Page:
Cath Clark writes from Ashby, near Yamba.
Hallelujah! I was treated to a koala sighting at my neighbour Peter Wrightson’s place today. [Peter is the son of the late lamented Patricia Wrightson, who wrote Australian children’s books that I adore – Joy.] He had rung before I left for shopping in the morning to report excitedly that there was one up his red gum tree. I wanted to race right over, but had some pre-Xmas shopping in Maclean that needed doing. Did the shop, had lunch, unloaded groceries, and rang up Peter to see if I could go with him and his dog on his afternoon walk in case the koala was still there. He said it was, so I dusted off my 400 mm lens on my old film camera and rousted-up my monopod (a one-legged tripod that doubles as a walking stick). Urf, that thing is heavy, so into my good padded backpack it all went with binocs and water.
It was 29 degrees C and so humid just ahead of a rainstorm by about 4:00 p.m. when I joined Peter at his place down near the Broadwater. The land is more level there, with much bigger trees than here, and more lush and diverse vegetation. Peter had koalas 20 years ago in noticeable numbers, but they’d stopped coming when the Pateman’s Road neighbourhood started developing too heavily. Just in the past couple of years, they’ve started making their presence known again, and this was the second ‘koala-call-out’ I’d been invited to at his place.
Peter regularly walks his dog, ‘Bronte’, on his large wooded block, and had alerted him to the presence of the koala. She can smell a koala a mile away, remarkable since this one was probably 30 feet up a large, beautiful old red gum. The koala was resting in the upper branches, as they’re wont to do during the daylight hours. Without the dog, he doubted he’d have ever seen it. I pulled out my camera and screwed on the monopod, but no matter how far back I tilted it, the angle was just wrong. So I undid it, threw down my old sit-upon that I wove in Guides a few years back, and laid on the ground. I took a few pics, but as is usually the case around here, what one gets is a lovely photo of a furry bum and sprawled legs, but no head. Consoled myself with a couple shots of Peter and the red gum, especially the fresh scratch marks that help mark a koala tree. He also pointed out the ‘scat’ at the base of the tree, which is about the size of a plump kalamata olive pit. It did NOT smell like nice eucalypt leaves, but rather more like poo. He knows I’m trying to learn more about koalas, so had kindly collected a primo one earlier, which he proudly deposited in the palm of my hand in his kitchen later on. (I had him put it in some tin foil for the trip home.)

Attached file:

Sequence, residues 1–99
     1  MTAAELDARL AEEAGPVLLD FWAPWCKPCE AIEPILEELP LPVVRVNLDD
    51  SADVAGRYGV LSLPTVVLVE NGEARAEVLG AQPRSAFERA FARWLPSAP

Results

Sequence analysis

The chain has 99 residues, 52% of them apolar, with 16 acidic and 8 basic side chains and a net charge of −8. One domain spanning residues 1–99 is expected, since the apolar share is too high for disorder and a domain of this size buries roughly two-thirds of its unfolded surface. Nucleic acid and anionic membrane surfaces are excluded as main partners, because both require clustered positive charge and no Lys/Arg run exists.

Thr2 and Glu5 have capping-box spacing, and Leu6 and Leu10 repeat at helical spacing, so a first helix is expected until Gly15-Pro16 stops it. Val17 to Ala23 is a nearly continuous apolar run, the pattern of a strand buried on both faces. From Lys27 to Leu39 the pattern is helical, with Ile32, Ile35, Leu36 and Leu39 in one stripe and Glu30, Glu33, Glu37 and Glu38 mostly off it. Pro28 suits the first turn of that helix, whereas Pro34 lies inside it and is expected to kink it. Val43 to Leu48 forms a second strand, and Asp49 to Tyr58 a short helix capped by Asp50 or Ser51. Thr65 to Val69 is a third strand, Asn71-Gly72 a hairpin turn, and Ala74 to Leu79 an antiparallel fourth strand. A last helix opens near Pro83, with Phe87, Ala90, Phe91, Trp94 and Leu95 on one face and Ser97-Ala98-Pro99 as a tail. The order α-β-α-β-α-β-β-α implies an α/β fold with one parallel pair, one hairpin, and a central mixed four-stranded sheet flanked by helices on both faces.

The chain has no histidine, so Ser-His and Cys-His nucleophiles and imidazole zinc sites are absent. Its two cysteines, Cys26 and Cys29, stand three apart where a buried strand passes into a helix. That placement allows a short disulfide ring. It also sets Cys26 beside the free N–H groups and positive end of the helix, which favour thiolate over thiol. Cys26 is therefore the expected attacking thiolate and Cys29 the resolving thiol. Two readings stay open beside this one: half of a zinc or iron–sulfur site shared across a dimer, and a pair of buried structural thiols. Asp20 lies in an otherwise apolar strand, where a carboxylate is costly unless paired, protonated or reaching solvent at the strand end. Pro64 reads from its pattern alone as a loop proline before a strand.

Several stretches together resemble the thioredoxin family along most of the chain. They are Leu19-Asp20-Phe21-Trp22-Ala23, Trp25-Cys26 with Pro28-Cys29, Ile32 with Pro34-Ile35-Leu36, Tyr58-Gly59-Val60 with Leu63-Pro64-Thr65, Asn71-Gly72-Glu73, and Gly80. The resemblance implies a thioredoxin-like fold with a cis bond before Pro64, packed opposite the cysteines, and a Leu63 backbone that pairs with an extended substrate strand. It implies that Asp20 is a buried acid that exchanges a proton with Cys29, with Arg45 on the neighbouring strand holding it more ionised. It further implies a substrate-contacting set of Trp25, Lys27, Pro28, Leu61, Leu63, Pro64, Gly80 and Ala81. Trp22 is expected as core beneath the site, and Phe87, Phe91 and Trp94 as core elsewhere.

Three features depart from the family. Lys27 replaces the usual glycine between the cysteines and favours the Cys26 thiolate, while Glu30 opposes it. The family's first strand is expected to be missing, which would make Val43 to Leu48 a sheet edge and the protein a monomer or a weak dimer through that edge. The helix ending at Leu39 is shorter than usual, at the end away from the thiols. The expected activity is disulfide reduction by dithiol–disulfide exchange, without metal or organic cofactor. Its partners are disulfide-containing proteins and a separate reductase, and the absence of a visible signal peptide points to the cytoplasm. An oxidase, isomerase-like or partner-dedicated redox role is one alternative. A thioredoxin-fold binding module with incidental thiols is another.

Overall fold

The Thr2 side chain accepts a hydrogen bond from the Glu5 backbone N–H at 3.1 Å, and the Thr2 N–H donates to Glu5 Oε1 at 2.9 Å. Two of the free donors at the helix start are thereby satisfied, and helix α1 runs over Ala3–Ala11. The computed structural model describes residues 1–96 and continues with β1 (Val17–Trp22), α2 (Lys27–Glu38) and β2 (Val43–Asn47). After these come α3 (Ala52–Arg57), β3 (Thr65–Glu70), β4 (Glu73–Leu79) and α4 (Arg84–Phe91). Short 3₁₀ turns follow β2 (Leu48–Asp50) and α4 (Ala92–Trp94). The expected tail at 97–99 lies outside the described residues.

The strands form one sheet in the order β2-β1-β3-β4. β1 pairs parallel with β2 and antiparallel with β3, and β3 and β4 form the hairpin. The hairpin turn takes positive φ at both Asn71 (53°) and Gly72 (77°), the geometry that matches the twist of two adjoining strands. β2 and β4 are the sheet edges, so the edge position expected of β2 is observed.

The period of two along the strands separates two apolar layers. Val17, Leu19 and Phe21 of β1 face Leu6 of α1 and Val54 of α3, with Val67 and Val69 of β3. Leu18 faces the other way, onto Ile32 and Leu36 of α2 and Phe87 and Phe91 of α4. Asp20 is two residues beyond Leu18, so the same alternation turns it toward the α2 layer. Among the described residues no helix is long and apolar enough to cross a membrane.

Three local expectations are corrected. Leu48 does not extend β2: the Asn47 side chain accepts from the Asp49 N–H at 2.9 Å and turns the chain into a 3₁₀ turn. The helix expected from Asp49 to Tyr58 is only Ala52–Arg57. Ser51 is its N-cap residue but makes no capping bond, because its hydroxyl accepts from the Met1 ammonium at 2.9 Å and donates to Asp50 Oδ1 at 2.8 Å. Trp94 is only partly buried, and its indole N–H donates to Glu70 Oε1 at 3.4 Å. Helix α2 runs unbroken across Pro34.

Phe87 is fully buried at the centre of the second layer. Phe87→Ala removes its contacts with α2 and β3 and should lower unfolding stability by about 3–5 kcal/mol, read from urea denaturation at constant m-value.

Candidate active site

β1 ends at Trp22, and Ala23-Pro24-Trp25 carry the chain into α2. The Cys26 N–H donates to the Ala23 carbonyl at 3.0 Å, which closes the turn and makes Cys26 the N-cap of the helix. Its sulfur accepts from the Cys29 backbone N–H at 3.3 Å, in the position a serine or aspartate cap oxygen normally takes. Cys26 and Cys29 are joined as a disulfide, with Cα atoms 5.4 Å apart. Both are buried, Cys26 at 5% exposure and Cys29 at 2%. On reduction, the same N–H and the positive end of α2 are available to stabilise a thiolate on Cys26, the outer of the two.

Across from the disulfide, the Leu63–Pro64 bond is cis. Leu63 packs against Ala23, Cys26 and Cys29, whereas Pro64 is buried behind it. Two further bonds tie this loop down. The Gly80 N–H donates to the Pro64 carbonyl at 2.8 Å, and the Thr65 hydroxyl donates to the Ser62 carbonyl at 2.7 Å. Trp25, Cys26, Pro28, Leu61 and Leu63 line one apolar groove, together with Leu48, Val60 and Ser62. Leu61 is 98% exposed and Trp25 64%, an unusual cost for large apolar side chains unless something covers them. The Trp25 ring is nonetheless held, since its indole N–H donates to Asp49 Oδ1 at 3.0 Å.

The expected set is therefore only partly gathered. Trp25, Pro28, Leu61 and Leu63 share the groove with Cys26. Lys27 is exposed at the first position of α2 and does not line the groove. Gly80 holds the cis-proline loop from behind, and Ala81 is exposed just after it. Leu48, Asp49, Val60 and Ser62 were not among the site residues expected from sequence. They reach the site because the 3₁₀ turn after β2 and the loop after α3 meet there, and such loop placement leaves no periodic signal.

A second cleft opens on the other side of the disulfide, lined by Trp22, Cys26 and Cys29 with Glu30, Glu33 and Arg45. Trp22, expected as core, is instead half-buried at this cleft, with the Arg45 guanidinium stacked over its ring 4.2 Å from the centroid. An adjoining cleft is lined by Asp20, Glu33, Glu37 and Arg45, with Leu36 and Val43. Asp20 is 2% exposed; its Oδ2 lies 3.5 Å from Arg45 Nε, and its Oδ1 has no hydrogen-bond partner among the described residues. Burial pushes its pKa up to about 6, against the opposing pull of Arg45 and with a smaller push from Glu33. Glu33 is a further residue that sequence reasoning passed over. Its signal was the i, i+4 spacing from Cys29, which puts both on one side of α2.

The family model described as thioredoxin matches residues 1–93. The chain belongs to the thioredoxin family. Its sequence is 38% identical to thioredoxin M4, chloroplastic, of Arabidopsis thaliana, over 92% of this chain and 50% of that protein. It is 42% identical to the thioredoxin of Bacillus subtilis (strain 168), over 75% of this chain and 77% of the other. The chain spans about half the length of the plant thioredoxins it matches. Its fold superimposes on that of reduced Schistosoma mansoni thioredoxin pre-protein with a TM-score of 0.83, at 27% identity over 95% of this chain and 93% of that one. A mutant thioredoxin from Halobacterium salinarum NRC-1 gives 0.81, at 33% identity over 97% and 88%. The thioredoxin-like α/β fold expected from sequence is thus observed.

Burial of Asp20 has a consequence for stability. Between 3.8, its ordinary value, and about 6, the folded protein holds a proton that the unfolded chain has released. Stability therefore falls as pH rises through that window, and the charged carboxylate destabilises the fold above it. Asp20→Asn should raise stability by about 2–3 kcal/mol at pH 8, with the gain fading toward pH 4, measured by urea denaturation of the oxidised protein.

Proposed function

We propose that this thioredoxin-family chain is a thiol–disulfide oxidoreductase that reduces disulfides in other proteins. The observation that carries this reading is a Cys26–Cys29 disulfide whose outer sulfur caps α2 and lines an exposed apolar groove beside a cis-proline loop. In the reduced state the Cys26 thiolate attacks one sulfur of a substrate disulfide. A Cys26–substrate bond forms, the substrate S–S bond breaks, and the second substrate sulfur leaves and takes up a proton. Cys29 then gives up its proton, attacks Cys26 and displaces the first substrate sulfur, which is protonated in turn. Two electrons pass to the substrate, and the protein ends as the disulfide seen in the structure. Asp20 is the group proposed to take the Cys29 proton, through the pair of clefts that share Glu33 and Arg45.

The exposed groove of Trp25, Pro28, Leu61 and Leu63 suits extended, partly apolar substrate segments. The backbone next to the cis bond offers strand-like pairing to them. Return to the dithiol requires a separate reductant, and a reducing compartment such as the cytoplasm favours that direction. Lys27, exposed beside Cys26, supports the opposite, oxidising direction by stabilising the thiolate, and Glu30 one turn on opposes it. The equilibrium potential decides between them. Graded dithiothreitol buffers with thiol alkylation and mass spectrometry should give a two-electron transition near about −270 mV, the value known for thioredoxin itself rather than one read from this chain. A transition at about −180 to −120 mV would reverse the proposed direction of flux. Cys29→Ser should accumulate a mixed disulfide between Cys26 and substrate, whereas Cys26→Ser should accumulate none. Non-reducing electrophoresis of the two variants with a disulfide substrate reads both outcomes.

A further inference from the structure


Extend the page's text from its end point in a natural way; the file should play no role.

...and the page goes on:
Koalas have been very much on my mind lately. Coincidentally? At the start of this week, I submitted my 20 pages of comment on Council’s draft Koala Management Plan for Ashby, something I’d spent 4 days solid working on. It’s important to me that they get it right, as I lobbied hard for this a couple years back, and my efforts with the help of Valley Watch are finally beginning to see fruition. Last week I got a letter from the local Catchment Management Authority saying my ‘Expression of Interest’ to have them prepare a property management plan for koala habitat on my land had been approved. (Yay! they do the work for free, and when the plan gets recognised, I’m eligible for grant funding.) Just yesterday, I had a Green Corps [Work for the Dole] group out to inspect our land ahead of doing some free work for us early in 2011. Since we’re in ‘core’ koala habitat, their manager had gotten in touch with Valley Watch, who then got ahold of me. Marnee and her crew of 8-10 strapping young men will come and spend about 6 days removing noxious lantana weeds, and planting free koala food trees that I can get from Friends of the Koala.
I haven’t seen a koala on or near our property for 4 years now, but long to see one again. My theory is, if you dream them, they will come. If not to me, to my friends, which is just as good!